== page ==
[Show abstract][Hide abstract] ABSTRACT: We report here the genome sequence of a circular virus isolated from samples of an Alaskan black-capped chickadee (Poecile atricapillus) gastrointestinal tract. The genome is 2,152 bp in length and is most similar (30 to 44.5% amino acid identity) to the genome sequences of other single-stranded DNA (ssDNA) circular viruses belonging to the gemycircularvirus group.
[Show abstract][Hide abstract] ABSTRACT: We report the draft genome sequence of Laverivirus UC1, assembled from San Francisco wastewater. This dicistronic RNA virus
bears some similarity to dicistroviruses; however, it appears to have a unique genome organization relative to all other known
[Show abstract][Hide abstract] ABSTRACT: We report here the draft genome sequences of marine RNA phages EC and MB assembled from metagenomic sequencing of organisms
in San Francisco wastewater. These phages showed moderate translated amino acid identity to other enterobacteria phages and
appear to constitute novel members of the Leviviridae family.
[Show abstract][Hide abstract] ABSTRACT: We report the draft genome sequences of marine RNA viruses SF-1, SF-2, and SF-3, which were assembled from metagenomic sequencing
of organisms in San Francisco wastewater. These viruses were most closely related to marine RNA virus JP-B and algae viruses.
[Show abstract][Hide abstract] ABSTRACT: We report the draft genome sequences of ciliovirus and brinovirus, two members of a likely new family of RNA viruses assembled
from San Francisco wastewater. Based on sequence alignments and a nonuniversal genetic code, we believe these to be the first
described RNA viruses of ciliates; however, more work is necessary to confirm their host.
[Show abstract][Hide abstract] ABSTRACT: Pseudogymnoascus destructans is the causative agent of white-nose syndrome, a disease that has caused the deaths of millions of bats in North America. This psychrophilic fungus proliferates at low temperatures and targets hibernating bats, resulting in their premature arousal from stupor with catastrophic consequences. Despite the impact of white-nose syndrome, little is known about the fungus itself or how it infects its mammalian host. P. destructans is not amenable to genetic manipulation, and therefore understanding the proteins involved in infection requires alternative approaches. Here, we identify hydrolytic enzymes secreted by P. destructans, and use a novel and unbiased substrate profiling technique to define active peptidases. These experiments revealed that endopeptidases are the major proteolytic activities secreted by P. destructans, and that collagen, the major structural protein in mammals, is actively degraded by the secretome. A serine endopeptidase, hereby-named Destructin-1, was subsequently identified, and a recombinant form overexpressed and purified. Biochemical analysis of Destructin-1 showed that it mediated collagen degradation, and a potent inhibitor of peptidase activity was identified. Treatment of P. destructans-conditioned media with this antagonist blocked collagen degradation and facilitated the detection of additional secreted proteolytic activities, including aminopeptidases and carboxypeptidases. These results provide molecular insights into the secretome of P. destructans, and identify serine endopeptidases that have the clear potential to facilitate tissue invasion and pathogenesis in the mammalian host.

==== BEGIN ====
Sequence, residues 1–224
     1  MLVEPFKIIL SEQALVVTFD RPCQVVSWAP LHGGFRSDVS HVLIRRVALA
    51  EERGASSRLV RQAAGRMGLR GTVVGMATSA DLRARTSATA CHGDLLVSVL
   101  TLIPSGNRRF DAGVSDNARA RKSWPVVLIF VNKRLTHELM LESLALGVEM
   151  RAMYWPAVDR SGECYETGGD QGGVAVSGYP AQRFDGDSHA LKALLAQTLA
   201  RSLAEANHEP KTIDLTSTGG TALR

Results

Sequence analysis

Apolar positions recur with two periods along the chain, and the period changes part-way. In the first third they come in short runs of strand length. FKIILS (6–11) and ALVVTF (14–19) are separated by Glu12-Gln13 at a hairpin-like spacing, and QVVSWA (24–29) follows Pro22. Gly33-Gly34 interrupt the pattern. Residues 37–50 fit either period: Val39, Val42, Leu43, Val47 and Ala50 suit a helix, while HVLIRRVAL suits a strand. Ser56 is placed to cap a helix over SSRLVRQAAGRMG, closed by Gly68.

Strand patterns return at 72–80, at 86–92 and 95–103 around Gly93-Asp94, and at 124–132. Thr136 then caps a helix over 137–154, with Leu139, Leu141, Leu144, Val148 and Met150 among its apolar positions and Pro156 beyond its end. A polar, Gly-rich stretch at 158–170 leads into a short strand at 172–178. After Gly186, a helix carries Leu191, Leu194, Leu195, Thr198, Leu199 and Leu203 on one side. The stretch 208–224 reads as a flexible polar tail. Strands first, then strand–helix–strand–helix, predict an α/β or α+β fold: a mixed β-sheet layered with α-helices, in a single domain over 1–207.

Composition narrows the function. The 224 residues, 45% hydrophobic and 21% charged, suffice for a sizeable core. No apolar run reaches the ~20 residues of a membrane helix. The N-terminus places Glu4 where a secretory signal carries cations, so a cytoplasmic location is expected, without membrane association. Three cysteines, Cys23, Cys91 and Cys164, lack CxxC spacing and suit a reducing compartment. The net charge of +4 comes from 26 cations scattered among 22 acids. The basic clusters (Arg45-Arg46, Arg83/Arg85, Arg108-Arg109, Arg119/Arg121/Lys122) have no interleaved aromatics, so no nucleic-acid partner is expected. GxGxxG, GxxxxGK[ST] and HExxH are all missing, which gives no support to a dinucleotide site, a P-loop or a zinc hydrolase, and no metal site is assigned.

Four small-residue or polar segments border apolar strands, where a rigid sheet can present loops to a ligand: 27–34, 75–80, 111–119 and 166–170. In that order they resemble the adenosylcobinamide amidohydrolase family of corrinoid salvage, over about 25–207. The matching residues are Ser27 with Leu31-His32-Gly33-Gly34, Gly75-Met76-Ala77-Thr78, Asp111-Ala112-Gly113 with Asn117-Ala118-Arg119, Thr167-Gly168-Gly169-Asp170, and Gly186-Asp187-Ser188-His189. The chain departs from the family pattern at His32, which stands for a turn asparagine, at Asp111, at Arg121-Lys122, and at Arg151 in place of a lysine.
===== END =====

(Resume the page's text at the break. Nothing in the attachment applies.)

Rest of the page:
Proceedings of the National Academy of Sciences 05/2015; 112(24):201507082. DOI:10.1073/pnas.1507082112 · 9.67 Impact Factor